The History of Monopoly 101: Lesser-Known Facts

So we all know that Charles Darrow invented the iconic game of Monopoly back during the Great Depression, which later became a household staple.

But have we heard the whole story?

A recent article in Business Insider called Hardly Anyone Realizes the Classic Board Game Monopoly Started as an Early Feminist’s Attack on Capitalism discusses the lesser-known story of a woman named Elizabeth “Lizzie” Magie, a suffragist, Georgist, and daughter of an abolitionist.  Magie desired to reveal to society the evils of land-grabbing by showing them how it works.  She decided to accomplish this through a game called The Landlord’s Game, patented in 1904, which allowed players to play with either anti-monopolist rules or monopolist rules.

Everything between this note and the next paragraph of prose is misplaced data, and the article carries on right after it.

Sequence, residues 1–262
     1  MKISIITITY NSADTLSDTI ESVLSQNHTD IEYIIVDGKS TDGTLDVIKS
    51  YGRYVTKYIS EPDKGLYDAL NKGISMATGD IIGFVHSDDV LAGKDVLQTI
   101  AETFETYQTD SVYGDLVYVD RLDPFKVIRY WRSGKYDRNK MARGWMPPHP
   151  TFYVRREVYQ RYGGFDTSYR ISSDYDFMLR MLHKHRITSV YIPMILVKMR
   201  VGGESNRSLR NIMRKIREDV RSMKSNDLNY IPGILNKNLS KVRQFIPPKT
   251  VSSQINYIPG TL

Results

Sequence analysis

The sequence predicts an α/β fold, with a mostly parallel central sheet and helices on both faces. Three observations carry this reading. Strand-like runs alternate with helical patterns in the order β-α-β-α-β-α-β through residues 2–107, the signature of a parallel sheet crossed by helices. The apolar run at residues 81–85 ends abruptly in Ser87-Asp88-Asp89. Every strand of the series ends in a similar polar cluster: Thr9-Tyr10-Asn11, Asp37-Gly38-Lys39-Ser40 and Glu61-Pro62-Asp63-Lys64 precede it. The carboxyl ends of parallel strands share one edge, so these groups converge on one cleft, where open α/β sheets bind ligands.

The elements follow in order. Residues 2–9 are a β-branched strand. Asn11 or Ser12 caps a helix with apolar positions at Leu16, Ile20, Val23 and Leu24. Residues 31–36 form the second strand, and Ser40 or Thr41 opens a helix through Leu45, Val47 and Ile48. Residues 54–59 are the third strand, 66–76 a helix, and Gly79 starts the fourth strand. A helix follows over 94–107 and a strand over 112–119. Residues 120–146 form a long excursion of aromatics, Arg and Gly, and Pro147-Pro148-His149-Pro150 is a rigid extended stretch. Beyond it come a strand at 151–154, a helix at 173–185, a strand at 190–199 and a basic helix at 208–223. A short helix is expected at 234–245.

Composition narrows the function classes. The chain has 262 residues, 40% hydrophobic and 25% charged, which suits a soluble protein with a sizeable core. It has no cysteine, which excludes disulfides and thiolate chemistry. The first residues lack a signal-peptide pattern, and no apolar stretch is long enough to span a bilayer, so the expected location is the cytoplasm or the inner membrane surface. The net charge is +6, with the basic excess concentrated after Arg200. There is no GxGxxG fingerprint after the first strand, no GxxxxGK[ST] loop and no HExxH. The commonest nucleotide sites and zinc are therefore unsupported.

Although the game was very popular, due to difficulty is mass-production, the game became circulated mostly as a folk game, in which the rules changed throughout its circulation.  By the time Magie repatented the game in 1924, the game had mostly settled into its new identity, in which players primarily played as land-grabbing monopolists (as it was much more fun to be the monopolists than the anti-monopolists, after all).

The game was extremely popular with the Quakers in Atlantic City, and before long, a man named Charles Darrow played the game with some friends…

Interested is reading more?  Visit the full article at business insider.com.